The dilemma of working remotely

Finding work-life balance and stay productive with Pomodoro while you are working from home.

This is a translated version of my original article 遠端工作的兩難.

With COVID-19 sweeping the globe, remote work and Pomodoro have become the most popular search keywords these days. I’ve been working remotely from home since the Lunar New Year. For the past one and a half months, I have been suffering from back pain, working overtime and weekends, which makes me wonder if remote work is a wonderful thing.

It was pretty cool to talk about the home office or remote work in the past, and a lot of people, including me, thought it was synonymous with efficiency, work-life balance – a unique culture that exists in startups and tech companies. I first learned this concept years ago when I visited my relatives in Canada. One day my aunt was planning to take us out in the afternoon, so she worked remotely from home in the morning, speaking to her colleagues on her computer and phone. At the time, I felt jealous that non-tech companies had such a policy.

A few years later, I worked at a startup for a while. The company had a remote work policy, and it was okay to work from home or out of town, so I finally learned more about the advantages of remote work. I often had minor health issues that I couldn’t afford to go out and wouldn’t heal from a doctor’s appointment, so I would occasionally work from home at that time, saving my commute time for more rest. All this was made possible by an understanding between boss and colleagues, that remote work did deliver a work-life balance and I felt the humanity of the policy.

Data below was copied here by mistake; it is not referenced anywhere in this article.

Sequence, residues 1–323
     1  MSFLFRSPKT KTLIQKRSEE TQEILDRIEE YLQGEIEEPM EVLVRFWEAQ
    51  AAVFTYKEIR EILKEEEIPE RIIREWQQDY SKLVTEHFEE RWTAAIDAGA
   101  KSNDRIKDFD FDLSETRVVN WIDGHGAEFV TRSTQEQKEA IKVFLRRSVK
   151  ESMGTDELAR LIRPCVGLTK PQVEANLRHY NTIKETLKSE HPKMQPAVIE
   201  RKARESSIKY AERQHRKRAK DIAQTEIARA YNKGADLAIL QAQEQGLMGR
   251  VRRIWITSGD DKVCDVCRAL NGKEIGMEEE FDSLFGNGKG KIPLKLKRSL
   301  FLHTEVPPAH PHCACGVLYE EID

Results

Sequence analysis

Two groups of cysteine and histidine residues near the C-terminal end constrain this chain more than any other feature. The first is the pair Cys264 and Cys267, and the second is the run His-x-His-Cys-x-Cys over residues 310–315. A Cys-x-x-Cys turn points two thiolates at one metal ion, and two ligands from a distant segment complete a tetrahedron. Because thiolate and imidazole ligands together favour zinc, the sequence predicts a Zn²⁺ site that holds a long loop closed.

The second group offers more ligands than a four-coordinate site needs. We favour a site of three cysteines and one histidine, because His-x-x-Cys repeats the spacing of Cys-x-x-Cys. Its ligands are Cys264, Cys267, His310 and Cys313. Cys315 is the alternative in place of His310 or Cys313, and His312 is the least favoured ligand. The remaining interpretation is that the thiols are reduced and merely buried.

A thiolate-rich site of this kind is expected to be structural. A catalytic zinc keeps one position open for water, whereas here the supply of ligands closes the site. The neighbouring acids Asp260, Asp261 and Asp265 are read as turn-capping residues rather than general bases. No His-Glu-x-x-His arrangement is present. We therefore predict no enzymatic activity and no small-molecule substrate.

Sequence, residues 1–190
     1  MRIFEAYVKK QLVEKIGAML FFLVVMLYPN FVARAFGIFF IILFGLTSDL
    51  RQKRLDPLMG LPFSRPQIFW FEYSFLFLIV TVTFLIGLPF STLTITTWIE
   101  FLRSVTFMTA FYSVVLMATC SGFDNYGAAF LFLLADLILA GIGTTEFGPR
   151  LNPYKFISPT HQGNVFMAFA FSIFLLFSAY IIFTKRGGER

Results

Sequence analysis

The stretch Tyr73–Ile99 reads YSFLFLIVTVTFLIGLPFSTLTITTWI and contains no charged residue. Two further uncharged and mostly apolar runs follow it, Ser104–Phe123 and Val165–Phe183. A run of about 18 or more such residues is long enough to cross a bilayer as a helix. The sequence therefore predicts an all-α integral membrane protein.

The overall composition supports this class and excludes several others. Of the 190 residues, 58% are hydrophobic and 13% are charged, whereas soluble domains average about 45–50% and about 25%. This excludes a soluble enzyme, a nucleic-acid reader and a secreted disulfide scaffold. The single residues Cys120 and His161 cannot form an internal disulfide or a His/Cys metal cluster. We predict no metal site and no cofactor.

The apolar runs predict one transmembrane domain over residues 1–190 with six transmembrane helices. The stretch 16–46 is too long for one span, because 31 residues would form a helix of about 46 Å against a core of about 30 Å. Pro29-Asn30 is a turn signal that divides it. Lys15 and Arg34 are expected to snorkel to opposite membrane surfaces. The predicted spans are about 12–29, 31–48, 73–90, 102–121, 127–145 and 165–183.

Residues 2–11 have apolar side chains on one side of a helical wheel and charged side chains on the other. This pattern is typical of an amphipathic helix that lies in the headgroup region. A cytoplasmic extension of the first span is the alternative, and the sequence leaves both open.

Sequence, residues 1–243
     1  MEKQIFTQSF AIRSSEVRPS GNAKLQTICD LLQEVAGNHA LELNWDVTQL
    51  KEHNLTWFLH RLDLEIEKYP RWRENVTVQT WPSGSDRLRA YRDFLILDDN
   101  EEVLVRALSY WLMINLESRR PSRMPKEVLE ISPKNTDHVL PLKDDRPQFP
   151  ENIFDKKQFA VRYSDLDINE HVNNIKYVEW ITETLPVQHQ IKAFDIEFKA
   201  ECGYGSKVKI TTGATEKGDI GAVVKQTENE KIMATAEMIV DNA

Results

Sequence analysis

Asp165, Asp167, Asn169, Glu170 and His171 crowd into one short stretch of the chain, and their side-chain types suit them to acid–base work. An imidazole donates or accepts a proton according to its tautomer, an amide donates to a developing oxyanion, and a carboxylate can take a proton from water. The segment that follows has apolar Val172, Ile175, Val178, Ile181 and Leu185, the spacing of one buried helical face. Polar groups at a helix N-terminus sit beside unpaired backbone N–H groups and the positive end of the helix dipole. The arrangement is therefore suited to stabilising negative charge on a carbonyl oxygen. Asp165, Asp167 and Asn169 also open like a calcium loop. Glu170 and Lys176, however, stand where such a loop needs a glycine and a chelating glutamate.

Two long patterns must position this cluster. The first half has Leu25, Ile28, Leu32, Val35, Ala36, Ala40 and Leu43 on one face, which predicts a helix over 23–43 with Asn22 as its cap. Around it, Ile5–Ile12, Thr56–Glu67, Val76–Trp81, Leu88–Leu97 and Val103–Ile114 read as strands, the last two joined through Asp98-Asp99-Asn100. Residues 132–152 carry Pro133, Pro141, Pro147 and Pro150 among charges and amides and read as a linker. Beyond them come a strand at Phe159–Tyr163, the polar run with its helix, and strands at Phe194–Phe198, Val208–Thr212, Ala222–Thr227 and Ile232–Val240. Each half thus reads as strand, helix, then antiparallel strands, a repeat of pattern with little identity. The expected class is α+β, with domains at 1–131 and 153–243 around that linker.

Photo by Bench Accounting on Unsplash

Now that the pandemic is in full swing, it is no longer up to company executives to choose whether or not to work remotely. You can still work remotely, software is at your fingertips and storage space is also available in the cloud. Unless someone wants to meet you in person, there is no task you can’t do at home. However, remote work is not free of problems; it will gradually surface over time:

  • Remote work relies on text messaging to keep track of staff productivity. If the person is introverted, he or she will likely not report the difficulties encountered proactively, which can be somewhat disruptive to managing progress or assigning work.
  • Communication lacks warmth. People like me, who seldom use emojis, can easily be mistaken for indifferent people. I’ll keep an eye out for that and add an emoji to slow things down.
  • Technology has stripped away the time and space barrier and replaced it with one meeting after another; 3-5 meetings a day is no surprise – otherwise, you’d be sending messages from work, and everyone would be at home in front of the screen anyway. With more meetings, the time spent at work becomes shorter and less efficient, which leads to a vicious cycle.
  • Why more meetings? Perhaps people fear remote working will lead to underreporting or idle employees, so one by one, requests for reporting are, to put it bluntly, micro-managed – based on a distrustful working relationship between employees and their employers.